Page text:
In what is undoubtedly one of the most significant blows to the U.S. Environmental Protection Agency (EPA) in recent history, the U.S. Supreme Court by a 5-4 vote ordered a stay on EPA from implementing its Clean Power Plan on Tuesday evening. The recently finalized regulation – the centerpiece of President Obama’s climate policy initiative and the U.S.’s commitment to the recent Paris climate agreement – would reduce domestic carbon dioxide emissions by 32 percent from 2005 levels by 2030.
Soon after the rule was published in the Federal Register on October 23, 2015, some 27 states and several private-sector interests filed 15 separate lawsuits against EPA, calling the agency’s new regulation “an unprecedented power grab.” On January 21, a three-judge panel of the Court of Appeals for the District of Columbia Circuit unanimously denied the petitioners’ request for a stay while the regulation is litigated. The petitioners sought a stay because states and utilities alike will need to spend billions of dollars in order to comply with a regulation that may ultimately be overturned. Just last term, the Supreme Court ruled that EPA illegally promulgated the Mercury and Air Toxics Standards (MATS) rule, but the ruling had a limited impact since states and utilities had already made the changes necessary for complying with the regulation.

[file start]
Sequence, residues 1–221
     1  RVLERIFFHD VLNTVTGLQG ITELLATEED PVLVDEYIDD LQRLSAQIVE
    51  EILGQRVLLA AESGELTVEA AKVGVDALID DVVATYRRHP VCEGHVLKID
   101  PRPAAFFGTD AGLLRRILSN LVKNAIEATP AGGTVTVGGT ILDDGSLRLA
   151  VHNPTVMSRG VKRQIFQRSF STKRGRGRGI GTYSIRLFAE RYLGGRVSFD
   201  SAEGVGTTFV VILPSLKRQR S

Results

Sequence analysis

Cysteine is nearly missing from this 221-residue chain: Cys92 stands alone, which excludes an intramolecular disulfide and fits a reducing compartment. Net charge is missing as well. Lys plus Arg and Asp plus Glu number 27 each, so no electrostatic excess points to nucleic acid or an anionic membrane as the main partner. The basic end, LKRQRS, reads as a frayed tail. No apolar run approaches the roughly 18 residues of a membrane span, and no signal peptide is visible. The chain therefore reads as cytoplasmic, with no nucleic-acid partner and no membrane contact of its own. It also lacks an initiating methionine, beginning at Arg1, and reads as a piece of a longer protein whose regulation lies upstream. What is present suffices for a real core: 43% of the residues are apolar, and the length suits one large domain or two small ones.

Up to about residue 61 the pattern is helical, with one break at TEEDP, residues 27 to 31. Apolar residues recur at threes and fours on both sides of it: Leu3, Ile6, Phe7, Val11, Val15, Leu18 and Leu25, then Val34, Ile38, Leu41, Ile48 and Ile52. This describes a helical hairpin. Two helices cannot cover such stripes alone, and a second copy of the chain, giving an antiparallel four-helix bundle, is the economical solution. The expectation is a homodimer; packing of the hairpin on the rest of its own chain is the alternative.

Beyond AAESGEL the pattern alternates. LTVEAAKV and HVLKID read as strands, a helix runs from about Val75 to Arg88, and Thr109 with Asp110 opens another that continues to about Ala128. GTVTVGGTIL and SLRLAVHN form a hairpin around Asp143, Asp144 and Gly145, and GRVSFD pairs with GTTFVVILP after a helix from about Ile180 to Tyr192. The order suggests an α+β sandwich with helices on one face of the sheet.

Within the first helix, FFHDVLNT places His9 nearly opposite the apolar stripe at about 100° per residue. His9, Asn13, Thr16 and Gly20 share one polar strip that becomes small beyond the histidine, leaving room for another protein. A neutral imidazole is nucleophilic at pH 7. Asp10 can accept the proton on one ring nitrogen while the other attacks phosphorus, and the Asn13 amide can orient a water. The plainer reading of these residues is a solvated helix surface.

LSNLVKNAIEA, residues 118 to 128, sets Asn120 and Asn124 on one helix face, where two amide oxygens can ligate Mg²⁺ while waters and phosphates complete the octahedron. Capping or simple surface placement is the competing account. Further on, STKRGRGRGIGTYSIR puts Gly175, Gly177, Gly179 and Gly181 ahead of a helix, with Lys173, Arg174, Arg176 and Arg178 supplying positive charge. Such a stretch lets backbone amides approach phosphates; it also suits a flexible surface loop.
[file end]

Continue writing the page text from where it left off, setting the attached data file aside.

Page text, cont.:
Twenty-nine states appealed the Circuit Court decision to deny a stay to Chief Justice John Roberts, who typically handles emergency legal matters from the Circuit Court. The chief could have ordered a stay on his own or, as in this case, turn the decision over to the entire Supreme Court. Oral arguments are scheduled to take place before a panel of the Court of Appeals on June 2.
To be sure, this is an enormous turn of events. Donald Verrilli, currently the Solicitor General of the United States and EPA’s representative in the forthcoming litigation wrote in a brief the states’ request for a stay before the Supreme Court was “extraordinary and unprecedented.” Neither Verrilli nor the states could identify a single regulation where the Supreme Court imposed a stay before the regulation was litigated in the court of appeals. While the legality of the Clean Power Plan will still be considered by the DC Circuit Court and, likely, the Supreme Court, many court observers will inevitably view this stay as an indication that the petitioners have made a strong argument against the regulation.
More to come.